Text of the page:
Vertical marathons are like reverse fire drills with everyone up instead of down the stairs. Our correspondent is about to take one on in Dubai.
It's on the eight floor, or step number 96, that the burning pain rips through my leg muscles. I am panting as if drowning, gulping for oxygen like it's my last breath. My feet feel like rocks. No, bigger and heavier than rocks; they feel like great, granite boulders. I stagger and heave myself up another flight. "What is this?" ask my legs. "Why are we bounding up stairs two at a time when this building has a perfectly good lift? Are you mad?"
The reason that I find myself swinging up stairs is that I am in training for Dubai's vertical marathon. The word training, though, is generous. My schedule has so far consisted of several attempts to scale the height of my own building in Abu Dhabi (20 storeys) at a steady pace. So far, I shoot off from the bottom like a race horse at the starting gates, but by floors seven or eight I am reduced to an ungainly stagger.
Picture, if you will, a reverse fire drill. That is what a vertical marathon looks like; instead of sensibly walking down the stairs, those involved scramble up them. The only equipment you need is a decent pair of trainers . It's a relatively new phenomenon, a form of intense exercise that really took off in cities across the world in the 1990s. The longest, most gruelling race among them took place earlier this month in the Taipei 101 tower (509 metres high), where hundreds made their way up 2,046 steps in competition for the winner's cash prize of $6,100 (Dh22,500). Other notable races are up the Empire State Building in New York, The CN Tower Climb in Toronto (strictly no iPods allowed) and one in South East Asia's tallest hotel, the Swissôtel in Singapore, where participants are told that they're more than welcome to "hold on to the railing and take a rest".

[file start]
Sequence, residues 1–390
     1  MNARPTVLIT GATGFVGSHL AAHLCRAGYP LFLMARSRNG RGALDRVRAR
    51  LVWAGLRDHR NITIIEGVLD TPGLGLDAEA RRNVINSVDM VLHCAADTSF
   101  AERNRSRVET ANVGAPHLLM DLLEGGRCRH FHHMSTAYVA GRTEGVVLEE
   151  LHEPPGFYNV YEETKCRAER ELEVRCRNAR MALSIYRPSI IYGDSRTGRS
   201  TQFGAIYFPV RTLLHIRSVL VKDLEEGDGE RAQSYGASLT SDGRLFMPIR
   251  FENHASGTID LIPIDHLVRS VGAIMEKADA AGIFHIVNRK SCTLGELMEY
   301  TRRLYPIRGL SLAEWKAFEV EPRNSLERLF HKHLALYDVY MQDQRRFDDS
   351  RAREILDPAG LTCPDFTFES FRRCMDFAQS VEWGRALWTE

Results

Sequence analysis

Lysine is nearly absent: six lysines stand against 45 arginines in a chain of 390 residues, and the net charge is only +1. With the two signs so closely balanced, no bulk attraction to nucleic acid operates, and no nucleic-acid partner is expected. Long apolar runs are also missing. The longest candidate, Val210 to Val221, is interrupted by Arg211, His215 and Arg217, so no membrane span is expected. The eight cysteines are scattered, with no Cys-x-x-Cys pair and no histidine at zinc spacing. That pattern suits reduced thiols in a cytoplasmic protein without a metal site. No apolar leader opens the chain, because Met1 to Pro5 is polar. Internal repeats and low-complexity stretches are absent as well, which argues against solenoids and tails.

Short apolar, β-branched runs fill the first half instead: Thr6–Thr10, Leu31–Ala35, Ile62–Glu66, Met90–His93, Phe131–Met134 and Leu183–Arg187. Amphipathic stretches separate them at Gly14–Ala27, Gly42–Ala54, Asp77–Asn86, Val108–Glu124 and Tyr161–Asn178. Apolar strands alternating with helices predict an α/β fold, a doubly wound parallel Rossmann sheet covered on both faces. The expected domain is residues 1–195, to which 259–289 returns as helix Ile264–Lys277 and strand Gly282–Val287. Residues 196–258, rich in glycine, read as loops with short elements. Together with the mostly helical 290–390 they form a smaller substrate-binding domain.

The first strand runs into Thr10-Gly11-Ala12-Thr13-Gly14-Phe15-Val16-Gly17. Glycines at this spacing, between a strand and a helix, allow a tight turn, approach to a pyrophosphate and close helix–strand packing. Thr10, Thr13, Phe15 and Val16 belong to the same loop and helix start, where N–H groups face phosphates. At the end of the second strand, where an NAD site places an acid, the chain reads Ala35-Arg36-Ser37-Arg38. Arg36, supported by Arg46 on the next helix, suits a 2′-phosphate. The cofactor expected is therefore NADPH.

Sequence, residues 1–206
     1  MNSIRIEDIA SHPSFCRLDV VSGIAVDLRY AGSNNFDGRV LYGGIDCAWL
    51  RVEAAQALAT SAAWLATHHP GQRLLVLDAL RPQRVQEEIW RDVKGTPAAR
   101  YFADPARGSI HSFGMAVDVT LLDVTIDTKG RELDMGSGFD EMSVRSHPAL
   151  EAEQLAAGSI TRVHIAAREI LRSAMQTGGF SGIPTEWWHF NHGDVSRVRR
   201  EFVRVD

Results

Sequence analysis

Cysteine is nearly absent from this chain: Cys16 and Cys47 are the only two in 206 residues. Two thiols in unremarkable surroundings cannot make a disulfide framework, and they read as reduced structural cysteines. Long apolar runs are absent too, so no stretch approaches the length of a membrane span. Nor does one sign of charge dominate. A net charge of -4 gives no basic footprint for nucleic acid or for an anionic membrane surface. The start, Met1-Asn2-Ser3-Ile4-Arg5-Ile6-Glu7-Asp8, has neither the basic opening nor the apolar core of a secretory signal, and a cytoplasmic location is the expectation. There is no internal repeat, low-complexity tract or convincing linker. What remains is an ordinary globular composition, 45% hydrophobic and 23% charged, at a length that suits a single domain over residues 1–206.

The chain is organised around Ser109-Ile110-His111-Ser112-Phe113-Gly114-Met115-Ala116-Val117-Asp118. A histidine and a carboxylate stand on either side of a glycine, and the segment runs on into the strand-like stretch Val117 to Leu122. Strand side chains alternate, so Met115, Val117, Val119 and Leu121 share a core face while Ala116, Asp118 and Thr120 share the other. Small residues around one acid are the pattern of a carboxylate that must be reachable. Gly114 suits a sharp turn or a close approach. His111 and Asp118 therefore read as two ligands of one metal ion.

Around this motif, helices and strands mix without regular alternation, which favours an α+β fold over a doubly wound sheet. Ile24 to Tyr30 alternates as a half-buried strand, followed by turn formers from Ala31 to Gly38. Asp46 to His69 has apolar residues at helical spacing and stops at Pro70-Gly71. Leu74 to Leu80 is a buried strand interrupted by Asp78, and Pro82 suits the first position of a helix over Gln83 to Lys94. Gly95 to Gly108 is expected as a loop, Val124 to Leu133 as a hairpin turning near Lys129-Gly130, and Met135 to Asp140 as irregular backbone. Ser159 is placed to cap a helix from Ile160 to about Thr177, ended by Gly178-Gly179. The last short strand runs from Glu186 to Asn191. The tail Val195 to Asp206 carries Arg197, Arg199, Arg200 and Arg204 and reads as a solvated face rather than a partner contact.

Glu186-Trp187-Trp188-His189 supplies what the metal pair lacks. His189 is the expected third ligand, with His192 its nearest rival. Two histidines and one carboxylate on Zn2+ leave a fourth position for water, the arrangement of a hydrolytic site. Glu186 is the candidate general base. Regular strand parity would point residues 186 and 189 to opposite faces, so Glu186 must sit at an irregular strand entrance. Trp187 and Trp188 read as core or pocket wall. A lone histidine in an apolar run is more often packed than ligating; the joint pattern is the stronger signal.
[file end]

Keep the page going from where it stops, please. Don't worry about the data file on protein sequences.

On Friday, Dubai will host its very own vertical marathon up the taller of the two Jumeirah Emirates Towers. It's a 1,334-stair, 52-floor ascent of 265 metres from bottom to top: 150 participants will be despatched up the building at intervals of 30 seconds. They will be of all fitness levels and ages in both competitive and non-competitive heats, and all money raised through individual sponsorship goes to Doctors Without Borders. In the marathon's six-year history, over Dh500,000 has been raised.
For the Dubai resident Amit Mulani, charity is the main reason for his involvement with the race. "It is challenging," he says. "After maybe the 20th floor, you still have to go up to the 50th, and I do feel the pain. But what I do is remind myself of the purpose. People have sponsored me, and I remind myself that the purpose of doing this is that going through pain for the next half an hour will relieve pain from children and those in need."
Mulani has so far stumped up the Dh500 minimum required to register for the race himself, but he plans to chase up family and friends through e-mails this week to try and raise more. "The most I've raised for previous vertical marathons was Dh1,100, more still for other Doctors Without Borders events," he says, but adds that raising money is harder now because people have less money to spare. "It will be more challenging this year, but I can't blame them," he says resignedly.